But Woodstock's biggest attraction is the UNESCO-listed Blenheim Palace, and what could be Britain's most prestigious country house.
One of the few monuments built in the trendy English Baroque style in the early 18th century, the palace was the seat of the Churchill family and birthplace of statesman Winston Churchill in 1874.

8. Wallingford

Source: Wikimedia
Everything you might need in Wallingford is close at hand at the town market.
This is the site of Wallingford's most memorable landmarks, such as the neoclassical grain exchange, the glorious arcaded town hall from the 1600s, and the Norman church of St Mary-le-More.
You can also come to the tourist information center for flyers on the Wallingford heritage trail, which touches on the Saxon era when the town was a vital fortification for Alfred the Great.
Wallingford Castle, built by the Normans, was one of the most powerful fortresses in the south until it was torn down in the Civil War and left as the ethereal ruin that remains today.

9. Chipping Norton

Source: Flickr
Chipping Norton
Even though it is only a small town, most people in the UK know Chipping Norton for the "Chipping Norton Set". A loose association of local promoters and agitators including former Prime Minister David Cameron, the Murdoch family and former editor of the Sun newspaper.
In addition to this connection, Chipping Norton is a very charming place, known for its antique shops, and being in the Cotswolds it is also the highest town in all of Oxfordshire.
St Mary the Virgin is the quintessential Cotswold church and is flooded with light inside due to its uninterrupted skylight windows.
In the verdant countryside outside the city are the Rollright Stones, a Neolithic and Bronze Age stone circle.

10. Faringdon

Source: Flickr
Faringdon Town Hall
A lovely historic market town southwest of Oxford, Faringdon has a lot more to offer than you'd expect from a settlement of this size.
In the center, the town hall is the extraordinary sight, dating back to the 1600s and still a cornerstone of everyday life.
For all its serenity today, Faringdon Hill to the east has seen some great events, such as the battles in the succession crisis known as "The Anarchy" in the 12th century and again during the English Civil War when the Republicans had a fortress.
Today the hill is topped by a 43 meters high madness from 1935, with a neo-Gothic design and with splendid views over the Valle del Cavallo Bianco.
Also visit the 14th century Great Coxwell Barn and the White Horse of Uffington, a chalk hill built around 3,000 years ago.

11. Banbury

Source: flickr
More of a working town than many of the destinations on this list, Banbury in the far north of Oxfordshire has one of the lowest unemployment rates in the country.
This thriving city draws shoppers from miles away, and the pedestrian center with its fair share of history is the place to stroll.
Banbury is also a stepping stone to the area's fantastic heritage.
There are three stunning country houses: Sulgrave Manor, Upton House, and Broughton Castle, all worthy of a detour.
To pick one, Broughton Castle is a medieval fortified manor that was extended in the Elizabethan era and has a magical walled garden.

12. Bicester

Source: Flickr
This historic market town is expanding rapidly, building new homes for commuters working in London and Oxford.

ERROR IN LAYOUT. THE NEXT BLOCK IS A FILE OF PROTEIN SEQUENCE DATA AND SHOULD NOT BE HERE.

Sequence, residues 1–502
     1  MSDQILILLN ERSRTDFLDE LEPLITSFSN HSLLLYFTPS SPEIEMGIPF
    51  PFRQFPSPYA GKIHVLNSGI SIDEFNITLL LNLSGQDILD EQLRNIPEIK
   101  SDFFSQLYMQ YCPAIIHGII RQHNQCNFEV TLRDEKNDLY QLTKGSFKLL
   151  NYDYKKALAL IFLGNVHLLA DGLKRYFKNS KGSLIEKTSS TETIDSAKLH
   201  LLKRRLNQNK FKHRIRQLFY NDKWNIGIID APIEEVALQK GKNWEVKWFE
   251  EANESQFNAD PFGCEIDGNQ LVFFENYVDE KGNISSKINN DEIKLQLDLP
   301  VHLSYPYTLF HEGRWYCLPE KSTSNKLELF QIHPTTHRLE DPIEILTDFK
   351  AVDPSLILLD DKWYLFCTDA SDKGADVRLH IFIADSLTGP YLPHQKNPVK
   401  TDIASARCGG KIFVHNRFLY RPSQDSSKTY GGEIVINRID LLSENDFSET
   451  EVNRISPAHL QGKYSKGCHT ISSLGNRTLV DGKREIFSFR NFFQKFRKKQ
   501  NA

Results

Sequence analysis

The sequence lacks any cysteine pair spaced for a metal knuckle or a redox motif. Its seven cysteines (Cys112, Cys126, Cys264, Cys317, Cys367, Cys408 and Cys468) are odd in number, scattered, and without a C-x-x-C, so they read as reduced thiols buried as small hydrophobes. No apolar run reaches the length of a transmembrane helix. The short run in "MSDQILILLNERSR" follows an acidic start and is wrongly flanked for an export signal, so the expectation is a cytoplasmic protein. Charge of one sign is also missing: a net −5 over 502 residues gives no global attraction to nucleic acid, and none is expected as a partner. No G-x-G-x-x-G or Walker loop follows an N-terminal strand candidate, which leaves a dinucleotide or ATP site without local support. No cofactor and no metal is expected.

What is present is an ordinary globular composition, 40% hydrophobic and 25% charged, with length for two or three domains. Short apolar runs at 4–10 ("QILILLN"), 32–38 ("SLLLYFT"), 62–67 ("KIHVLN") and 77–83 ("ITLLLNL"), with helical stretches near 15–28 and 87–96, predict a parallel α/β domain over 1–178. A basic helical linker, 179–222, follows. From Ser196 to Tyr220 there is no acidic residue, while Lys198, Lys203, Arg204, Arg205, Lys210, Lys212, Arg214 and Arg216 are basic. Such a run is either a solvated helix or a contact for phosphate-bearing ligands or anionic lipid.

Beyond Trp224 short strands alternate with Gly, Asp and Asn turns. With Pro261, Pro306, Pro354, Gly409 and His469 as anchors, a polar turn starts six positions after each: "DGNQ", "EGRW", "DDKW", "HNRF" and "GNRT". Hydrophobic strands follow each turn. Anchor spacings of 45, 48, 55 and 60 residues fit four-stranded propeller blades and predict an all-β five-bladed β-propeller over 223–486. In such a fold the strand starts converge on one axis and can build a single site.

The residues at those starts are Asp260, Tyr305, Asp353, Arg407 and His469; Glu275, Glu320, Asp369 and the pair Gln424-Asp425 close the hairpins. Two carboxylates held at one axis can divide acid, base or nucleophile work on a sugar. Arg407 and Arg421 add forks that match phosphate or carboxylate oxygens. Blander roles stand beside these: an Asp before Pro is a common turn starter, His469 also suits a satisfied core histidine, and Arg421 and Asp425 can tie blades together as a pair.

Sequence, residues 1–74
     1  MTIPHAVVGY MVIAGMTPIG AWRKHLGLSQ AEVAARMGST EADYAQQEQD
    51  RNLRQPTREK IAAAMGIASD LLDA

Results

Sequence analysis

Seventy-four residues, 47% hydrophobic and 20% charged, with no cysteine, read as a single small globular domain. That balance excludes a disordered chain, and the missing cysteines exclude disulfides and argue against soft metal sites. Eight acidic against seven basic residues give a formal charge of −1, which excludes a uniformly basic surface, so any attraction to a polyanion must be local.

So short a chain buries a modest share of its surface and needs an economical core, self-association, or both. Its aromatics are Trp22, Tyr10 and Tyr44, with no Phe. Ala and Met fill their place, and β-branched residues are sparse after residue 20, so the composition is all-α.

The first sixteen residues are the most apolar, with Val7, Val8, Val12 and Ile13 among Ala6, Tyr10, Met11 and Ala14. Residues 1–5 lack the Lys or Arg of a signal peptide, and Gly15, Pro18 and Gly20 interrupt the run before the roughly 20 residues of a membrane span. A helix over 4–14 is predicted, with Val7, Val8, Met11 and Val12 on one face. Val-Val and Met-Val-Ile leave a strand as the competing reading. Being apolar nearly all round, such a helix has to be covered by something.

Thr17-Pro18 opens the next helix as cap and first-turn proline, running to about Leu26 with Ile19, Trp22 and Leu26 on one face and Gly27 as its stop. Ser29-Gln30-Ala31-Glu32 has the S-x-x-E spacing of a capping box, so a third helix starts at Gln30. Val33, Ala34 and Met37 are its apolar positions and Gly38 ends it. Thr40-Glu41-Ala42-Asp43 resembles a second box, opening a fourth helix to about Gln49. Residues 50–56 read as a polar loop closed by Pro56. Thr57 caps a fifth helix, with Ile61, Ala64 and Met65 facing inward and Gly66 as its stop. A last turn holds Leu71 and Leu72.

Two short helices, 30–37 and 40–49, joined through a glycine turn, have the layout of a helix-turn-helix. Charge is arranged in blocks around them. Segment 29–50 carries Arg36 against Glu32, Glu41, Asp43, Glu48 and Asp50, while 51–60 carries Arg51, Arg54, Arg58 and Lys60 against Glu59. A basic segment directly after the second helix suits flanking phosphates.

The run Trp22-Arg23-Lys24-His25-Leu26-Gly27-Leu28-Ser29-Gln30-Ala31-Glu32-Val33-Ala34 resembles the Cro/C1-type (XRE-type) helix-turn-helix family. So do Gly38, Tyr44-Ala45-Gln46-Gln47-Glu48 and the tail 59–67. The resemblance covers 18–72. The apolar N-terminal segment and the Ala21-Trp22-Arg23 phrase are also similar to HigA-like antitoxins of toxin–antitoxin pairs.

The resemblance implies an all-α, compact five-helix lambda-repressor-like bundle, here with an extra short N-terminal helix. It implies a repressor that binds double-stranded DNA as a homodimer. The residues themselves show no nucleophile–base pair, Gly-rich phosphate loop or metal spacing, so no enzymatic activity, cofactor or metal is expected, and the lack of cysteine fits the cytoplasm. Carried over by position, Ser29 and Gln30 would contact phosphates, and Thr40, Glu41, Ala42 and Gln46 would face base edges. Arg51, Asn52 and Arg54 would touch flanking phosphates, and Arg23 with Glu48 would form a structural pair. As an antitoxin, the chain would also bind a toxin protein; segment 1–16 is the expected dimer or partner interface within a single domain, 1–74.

But Bicester is more than just a bedroom, as evidenced by the fabulous architecture around the market, including stunning 17th-century houses and a smattering of old half-timbered buildings.
But for many vacationers, the city's reputation is built directly on Bicester Village, an outlet that impressively attracts up to 6.3 million customers a year.
More visitors from China come to these luxury shops than any other attraction in the country, aside from Buckingham Palace!

13. Minster Lovell

Font: Flickr

Minster Lovell Hall A very small group of villages and hamlets in the west of the county, Minster Lovell may be something of an unassuming place now, but in the Middle Ages one of England’s richest men called the shots from this place. Minster Lovell Hall is managed by English Heritage, retaining the beautiful ruins of a late medieval manor built for the Baron of Lovell and Holland. The building has been abandoned since the 1700s and the entire site is framed by the Windrush River and its picnic banks. Photographers and antique dealers won’t want to leave, but there are a couple of pubs in the village to put on a cap on a perfect day.

14. Thame

Fonte: Flickr
Thame Oxfordshire specializes in affluent market towns and Thame is one of the prettiest. In its distant past it was a fortified city in the Anglo-Saxon Kingdom of Wessex, and is now a very convenient place to spend a few hours. Traditional services such as butchers, bakers, tea rooms and pubs share Thame with elegant boutiques and restaurants. Being here on Tuesdays for what many agree is Oxfordshire’s best outdoor market, compared to an outdoor deli, featuring local fruits and vegetables, pastries, chutneys and a host of other homemade goodies.

15. Didcot

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Didcot Railway Center In a county stereotyped for its refined towns and villages, Didcot swings the other way and is a gritty railway town that coalesced around Brunel’s Great Western Railway in the mid-1800s. For decades, the cooling towers of the Didcot power plant have been an identifiable landmark for miles, but with hi-tech industries and research centers being phased out, Didcot is now entirely dedicated to innovation. For tourists though, the Didcot Railway Center is just the ticket if you want to relive the quiet days of the steam locomotives. The attraction is based on an impressive engine shed, with over 30 locomotives, four of which operate on a historical line of the museum.